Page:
Methods for CpG Methylation Array Profiling Via Bisulfite Conversion

  • Fatjon LetiEmail author
  • Lorida Llaci
  • Ivana Malenica
  • Johanna K. DiStefano
Part of the Methods in Molecular Biology book series (MIMB, volume 1706)


DNA methylation is a key factor in epigenetic regulation, and contributes to the pathogenesis of many diseases, including various forms of cancers, and epigenetic events such X inactivation, cellular differentiation and proliferation, and embryonic development. The most conserved epigenetic modification in plants, animals, and fungi is 5-methylcytosine (5mC), which has been well characterized across a diverse range of species. Many technologies have been developed to measure modifications in methylation with respect to biological processes, and the most common method, long considered a gold standard for identifying regions of methylation, is bisulfite conversion. In this technique, DNA is treated with bisulfite, which converts cytosine residues to uracil, but does not affect cytosine residues that have been methylated, such as 5-methylcytosines. Following bisulfite conversion, the only cytosine residues remaining in the DNA, therefore, are those that have been methylated. Subsequent sequencing can then distinguish between unmethylated cytosines, which are displayed as thymines in the resulting amplified sequence of the sense strand, and 5-methylcytosines, which are displayed as cytosines in the resulting amplified sequence of the sense strand, at the single nucleotide level. In this chapter, we describe an array-based protocol for identifying methylated DNA regions. We discuss protocols for DNA quantification, bisulfite conversion, library preparation, and chip assembly, and present an overview of current methods for the analysis of methylation data.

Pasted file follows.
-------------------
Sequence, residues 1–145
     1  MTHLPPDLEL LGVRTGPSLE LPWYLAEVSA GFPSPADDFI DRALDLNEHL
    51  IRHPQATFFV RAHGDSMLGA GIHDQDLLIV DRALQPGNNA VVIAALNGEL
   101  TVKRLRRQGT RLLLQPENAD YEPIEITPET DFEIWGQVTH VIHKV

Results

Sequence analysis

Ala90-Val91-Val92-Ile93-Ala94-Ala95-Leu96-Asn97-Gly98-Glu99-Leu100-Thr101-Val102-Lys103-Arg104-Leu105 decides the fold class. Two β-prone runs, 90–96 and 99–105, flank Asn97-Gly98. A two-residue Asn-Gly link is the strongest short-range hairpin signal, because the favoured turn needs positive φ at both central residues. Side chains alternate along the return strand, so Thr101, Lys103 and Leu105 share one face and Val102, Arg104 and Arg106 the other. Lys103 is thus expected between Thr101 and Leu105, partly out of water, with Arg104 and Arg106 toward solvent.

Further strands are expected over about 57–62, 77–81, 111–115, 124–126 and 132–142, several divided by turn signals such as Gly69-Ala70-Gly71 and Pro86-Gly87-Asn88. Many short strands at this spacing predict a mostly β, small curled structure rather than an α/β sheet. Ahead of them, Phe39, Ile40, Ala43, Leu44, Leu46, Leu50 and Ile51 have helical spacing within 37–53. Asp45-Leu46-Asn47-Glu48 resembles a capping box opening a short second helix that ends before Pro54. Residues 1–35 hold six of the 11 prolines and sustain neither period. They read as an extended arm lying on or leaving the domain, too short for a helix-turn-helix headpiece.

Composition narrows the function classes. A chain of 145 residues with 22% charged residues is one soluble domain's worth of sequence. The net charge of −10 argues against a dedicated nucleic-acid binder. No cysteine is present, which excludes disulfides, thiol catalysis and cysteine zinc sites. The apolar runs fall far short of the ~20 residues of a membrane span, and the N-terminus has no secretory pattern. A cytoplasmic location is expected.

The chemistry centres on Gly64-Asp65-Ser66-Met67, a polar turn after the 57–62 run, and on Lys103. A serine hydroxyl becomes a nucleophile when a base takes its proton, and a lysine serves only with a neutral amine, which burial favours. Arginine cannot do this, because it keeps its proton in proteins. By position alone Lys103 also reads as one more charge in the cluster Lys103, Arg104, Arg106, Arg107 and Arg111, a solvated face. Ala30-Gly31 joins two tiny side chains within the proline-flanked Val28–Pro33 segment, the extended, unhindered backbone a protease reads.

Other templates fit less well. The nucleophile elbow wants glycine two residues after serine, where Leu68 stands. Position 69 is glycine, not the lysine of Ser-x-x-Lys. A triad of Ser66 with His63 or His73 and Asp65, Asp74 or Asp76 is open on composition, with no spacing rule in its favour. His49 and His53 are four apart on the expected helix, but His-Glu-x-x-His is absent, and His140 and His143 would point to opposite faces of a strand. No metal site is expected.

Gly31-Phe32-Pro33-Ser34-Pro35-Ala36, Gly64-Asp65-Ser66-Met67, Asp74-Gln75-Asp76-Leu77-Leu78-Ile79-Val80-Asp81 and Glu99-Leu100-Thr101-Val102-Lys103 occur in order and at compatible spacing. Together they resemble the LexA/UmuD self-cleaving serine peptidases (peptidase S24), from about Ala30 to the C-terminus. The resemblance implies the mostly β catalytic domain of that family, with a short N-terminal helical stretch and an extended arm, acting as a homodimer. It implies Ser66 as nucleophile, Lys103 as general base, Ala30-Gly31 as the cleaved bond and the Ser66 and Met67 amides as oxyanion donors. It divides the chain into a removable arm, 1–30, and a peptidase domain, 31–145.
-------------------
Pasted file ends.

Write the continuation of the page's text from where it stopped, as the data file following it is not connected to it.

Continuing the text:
Key words

DNA Methylation CpG Epigenetics Bisulfite conversion 



We thank Diego Portillo Santos for editing and generating the figures.


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Copyright information

© Springer Science+Business Media, LLC 2018

Authors and Affiliations

  • Fatjon Leti
    • 1
    Email author
  • Lorida Llaci
    • 2
  • Ivana Malenica
    • 3
  • Johanna K. DiStefano
    • 4
  1. 1.Center for Genes, Environment and Health, Department of Biomedical ResearchNational Jewish HealthDenverUSA
  2. 2.Neurogenomics DivisionTranslational Genomics Research InstitutePhoenixUSA
  3. 3.Division of BiostatisticsUniversity of California, BerkeleyBerkeleyUSA
  4. 4.Translational Genomics Research InstitutePhoenixUSA

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